# Understanding how to state the Karush-Kuhn-Tucker Conditions for a given problem

I'm trying to understand an example given by Nocedal & Wright (1999), pg 329, Example 12.4. According to a definition given earlier in this book:

At a feasible point x, the inequality constraint $i\in I$ is said to be active if $c_i(x)=0$ and inactive if the strict inequality $c_i(x)>0$ is satisfied.

So, in Example 12.4 of the same book, a constrained minimization problem is given as:

$argmin$ $(x_1-\frac{3}{2})^2 + (x_2-\frac{1}{2})^4$
such that
$c_1 \equiv 1-x_1-x_2\ge0$
$c_2 \equiv 1-x_1+x_2\ge0$
$c_3 \equiv1+x_1-x_2\ge0$
$c_4 \equiv1+x_1+x_2\ge0$

The authors provide a picture which clearly show that the solution is $x^*=(1,0)$ and state that constraints $c_1$ & $c_2$ are active at this point.

I have two questions regarding this problem:

First Question
Since complementarity implies that the lagrange multipliers associated with constraints $c_3$ and $c_4$ are zero (i.e. inactive), can I state the Karush-Kuhn-Tucker Conditions , as follows:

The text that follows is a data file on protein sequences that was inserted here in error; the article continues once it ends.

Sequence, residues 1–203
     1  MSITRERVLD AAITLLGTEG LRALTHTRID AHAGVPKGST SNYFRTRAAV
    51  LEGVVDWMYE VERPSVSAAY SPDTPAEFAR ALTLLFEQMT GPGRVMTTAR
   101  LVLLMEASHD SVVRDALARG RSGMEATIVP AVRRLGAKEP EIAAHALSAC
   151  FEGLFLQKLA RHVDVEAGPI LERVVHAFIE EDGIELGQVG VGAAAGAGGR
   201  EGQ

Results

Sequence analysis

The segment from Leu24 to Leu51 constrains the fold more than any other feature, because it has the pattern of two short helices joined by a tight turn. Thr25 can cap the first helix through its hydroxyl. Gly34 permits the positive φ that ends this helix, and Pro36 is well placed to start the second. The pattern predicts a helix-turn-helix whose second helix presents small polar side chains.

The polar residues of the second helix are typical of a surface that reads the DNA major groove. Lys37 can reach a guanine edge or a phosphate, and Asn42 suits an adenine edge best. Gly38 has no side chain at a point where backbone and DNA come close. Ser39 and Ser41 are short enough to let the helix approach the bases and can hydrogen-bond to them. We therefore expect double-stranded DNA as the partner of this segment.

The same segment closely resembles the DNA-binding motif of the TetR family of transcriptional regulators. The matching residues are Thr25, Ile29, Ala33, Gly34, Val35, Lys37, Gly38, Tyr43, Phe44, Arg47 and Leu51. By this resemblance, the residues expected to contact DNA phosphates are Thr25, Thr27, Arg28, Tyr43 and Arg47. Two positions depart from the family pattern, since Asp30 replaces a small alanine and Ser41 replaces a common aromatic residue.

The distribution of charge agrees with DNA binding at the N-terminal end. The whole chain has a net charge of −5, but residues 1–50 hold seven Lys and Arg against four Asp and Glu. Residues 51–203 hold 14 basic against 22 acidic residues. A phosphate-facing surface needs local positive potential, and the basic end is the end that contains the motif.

$\nabla f(x^*)=\lambda_1\nabla c_1(x^*) + \lambda_2\nabla c_2(x^*)$
$\Rightarrow \left( \begin{array}{c} -1\\ -\frac{1}{2}\\ \end{array} \right) = \left( \begin{array}{c} -\lambda_1-\lambda_2\\ -\lambda_1+\lambda_2\\ \end{array} \right)$

Second Question

If the optimal solution were not provided, would I consider all constraints as active?

My concern is how to state the KKT conditions, in general. That is, do I need to discern the set of active constraints ahead of time to setup the KKT conditions? If so, how would I without knowing the optimal solution apriori? Obviously, because of complementarity I know that the lagrange multipliers of inactive constraints will inevitably become zero, but is there a way to know which will be inactive ahead of time? If the inactive constraints were known, would it simplify the process of obtaining the active lagrange multipliers in general?

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1) Yes, since $c_3$ and $c_4$ are inactive at this particular $x^*$ the KKT conditions will require $\lambda_3 = \lambda_4 = 0$.
2) If you don't know $x^*$, you have to consider all possibilities for which constraints are active. You would write the KKT conditions as \eqalign{\nabla f(x^*) &= \lambda_1 \nabla c_1(x^*) + \lambda_2 \nabla c_2(x^*) + \lambda_3 \nabla c_3(x^*) + \lambda_4 \nabla c_4(x^*) \cr c_i(x^*) &\ge 0,\ i=1\ldots 4\cr \lambda_i &\ge 0,\ i=1\ldots 4\cr \lambda_i c_i(x^*) &= 0,\ i=1\ldots 4\cr}
Actually, I just read the errata: users.eecs.northwestern.edu/~nocedal/book/2ndprint.pdf It says that $\frac{1}{8}$ should be replaced by $\frac{1}{2}$ in the objective function. I'll make the edit. – Paul Aug 17 '12 at 18:36